And for a minute, I was honestly considering deleting the Twitter account.  But then I realized: No, I don’t think it’s vain.  I’m confident that this blog will grow into something bigger than just my obnoxious rants, and when it does, that Twitter account will be useful.  At the very least, I’ve gotten feedback from some of my five readers that the blog has been fun or inspiring to read.  That gives me confidence that I’m not the only one that believes in this blog.  In time (hopefully soon), I hope to have other awesome writers post on here, and post more interviews with writers (suggestions and offers welcome!  I feel weird asking people “Come post on my blog plz!”).

     Like Matthew Arnold said in the quote at the top of this post: “Have something to say, and say it as clearly as you can.”  I know what I want to say in this article, and I hope I said it well:  1.  Self-promotion is not a bad thing, but have some respect for yourself and the people you interact with when self-promoting.  2.  Confidence in yourself leads to the knowledge that you don’t need to throw yourself at the world – be confident, outgoing and friendly, and put your work where people can see it – if they want it, they will come.  That’s why I don’t spam links to my blog over every forum I’m on and every post I make on Twitter or Facebook.  In fact, I’m active or semi-active on 4 forums, and only on one of them have I even mentioned my blog, and there only because I’ve been on that forum for close to 4 years and feel confident that it’s of interest to at least some of the people there.  I may only have 5-10 people reading this, but I know that those 5-10 people came because they wanted to, not because I cried desperately for them.

     In the end, I guarantee your confidence will outsell their lack of shame eight days a week.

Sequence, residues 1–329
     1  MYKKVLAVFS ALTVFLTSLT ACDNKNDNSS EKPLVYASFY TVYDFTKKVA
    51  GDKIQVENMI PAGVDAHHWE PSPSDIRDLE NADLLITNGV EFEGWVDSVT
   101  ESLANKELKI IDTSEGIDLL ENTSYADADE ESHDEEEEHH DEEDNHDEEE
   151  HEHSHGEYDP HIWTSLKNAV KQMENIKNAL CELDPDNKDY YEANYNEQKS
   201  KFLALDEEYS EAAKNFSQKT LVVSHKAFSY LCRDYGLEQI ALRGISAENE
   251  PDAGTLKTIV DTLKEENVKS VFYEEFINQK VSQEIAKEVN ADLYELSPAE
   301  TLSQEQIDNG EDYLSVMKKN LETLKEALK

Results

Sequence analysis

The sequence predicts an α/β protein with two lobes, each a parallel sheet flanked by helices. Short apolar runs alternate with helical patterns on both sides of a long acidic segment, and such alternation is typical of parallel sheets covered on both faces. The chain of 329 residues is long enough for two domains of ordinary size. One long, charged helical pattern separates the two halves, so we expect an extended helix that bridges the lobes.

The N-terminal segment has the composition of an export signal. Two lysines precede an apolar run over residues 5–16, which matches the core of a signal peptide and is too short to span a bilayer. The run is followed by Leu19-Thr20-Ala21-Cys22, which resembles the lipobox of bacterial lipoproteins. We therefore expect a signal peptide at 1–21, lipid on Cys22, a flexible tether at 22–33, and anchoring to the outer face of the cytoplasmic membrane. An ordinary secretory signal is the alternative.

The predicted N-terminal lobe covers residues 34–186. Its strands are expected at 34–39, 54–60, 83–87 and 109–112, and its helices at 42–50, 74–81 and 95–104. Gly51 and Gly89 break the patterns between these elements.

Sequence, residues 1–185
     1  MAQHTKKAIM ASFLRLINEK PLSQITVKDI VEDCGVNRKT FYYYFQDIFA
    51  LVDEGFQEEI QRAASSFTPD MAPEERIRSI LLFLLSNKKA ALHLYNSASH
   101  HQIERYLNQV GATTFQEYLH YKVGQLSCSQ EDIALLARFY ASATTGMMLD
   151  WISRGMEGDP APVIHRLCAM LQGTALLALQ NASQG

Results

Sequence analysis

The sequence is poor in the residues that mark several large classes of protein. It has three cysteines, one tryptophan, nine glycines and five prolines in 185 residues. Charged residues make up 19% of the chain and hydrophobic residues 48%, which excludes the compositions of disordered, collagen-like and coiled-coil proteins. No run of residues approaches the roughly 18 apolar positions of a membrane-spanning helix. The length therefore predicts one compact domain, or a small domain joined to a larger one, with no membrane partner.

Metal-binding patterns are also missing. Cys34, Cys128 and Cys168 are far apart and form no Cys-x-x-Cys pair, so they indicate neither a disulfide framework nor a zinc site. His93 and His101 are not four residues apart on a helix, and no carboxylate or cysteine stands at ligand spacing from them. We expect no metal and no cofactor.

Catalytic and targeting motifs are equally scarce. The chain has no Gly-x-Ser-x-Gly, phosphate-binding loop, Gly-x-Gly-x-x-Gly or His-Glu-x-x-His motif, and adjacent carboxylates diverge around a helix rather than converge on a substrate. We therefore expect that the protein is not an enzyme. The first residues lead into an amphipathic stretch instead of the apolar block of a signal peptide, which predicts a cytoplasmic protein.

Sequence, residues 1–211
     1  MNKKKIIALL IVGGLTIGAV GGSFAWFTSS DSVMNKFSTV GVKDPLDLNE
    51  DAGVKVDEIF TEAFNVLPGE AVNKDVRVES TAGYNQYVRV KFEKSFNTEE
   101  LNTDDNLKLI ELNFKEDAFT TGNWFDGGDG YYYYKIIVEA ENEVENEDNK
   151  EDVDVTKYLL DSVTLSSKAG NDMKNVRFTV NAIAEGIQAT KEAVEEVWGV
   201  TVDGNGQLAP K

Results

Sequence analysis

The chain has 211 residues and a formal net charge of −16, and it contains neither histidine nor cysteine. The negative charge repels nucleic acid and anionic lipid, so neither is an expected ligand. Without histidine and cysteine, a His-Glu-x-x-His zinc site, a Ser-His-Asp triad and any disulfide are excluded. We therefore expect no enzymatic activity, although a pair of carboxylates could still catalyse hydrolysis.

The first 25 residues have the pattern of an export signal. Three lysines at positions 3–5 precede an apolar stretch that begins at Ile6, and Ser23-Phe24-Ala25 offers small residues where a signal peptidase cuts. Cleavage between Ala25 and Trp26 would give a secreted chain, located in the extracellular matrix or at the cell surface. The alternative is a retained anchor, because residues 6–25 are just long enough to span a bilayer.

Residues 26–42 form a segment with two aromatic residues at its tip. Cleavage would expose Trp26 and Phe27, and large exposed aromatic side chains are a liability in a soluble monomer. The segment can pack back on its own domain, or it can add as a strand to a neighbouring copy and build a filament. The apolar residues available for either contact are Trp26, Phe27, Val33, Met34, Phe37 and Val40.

…images from Step Brothers…


2 thoughts on “Why are you sweating?

  1. And I’m glad you posted on that one forum, because I wouldn’t have known about your blog otherwise. As you said, it’s not wrong to self-promote in an honest way. Fact of the matter is, your friends are interested in what you’re writing! (Well, mine are, and I’m interested in your writing, anyway.) But there’s a difference between making friends and spamming.

    As one of those 5-10 readers, I’ll say it again – I LOVE this blog. All of your posts hit home because I am a writer, whether it’s a new revelation or something I knew all along.

    Oh, and I’m not going to be presumptuous and call myself a “great” writer, but consider this an offer to write for your blog. Email me any time with the kind of things you’re interested in. And if I may make a suggestion, I don’t think it would be weird at all to email people whose writing you enjoy and ask them for posts. Me, I’d be flattered beyond belief and very inclined to write something for you as soon as possible.

    Because, hey, writing for your blog promotes my writing… in a non-spammy way.

  2. Nice article. I often wonder where I am in relation to the line between shameless self promotion and pompous seclusion. It’s difficult to find a happy balance between the extremes.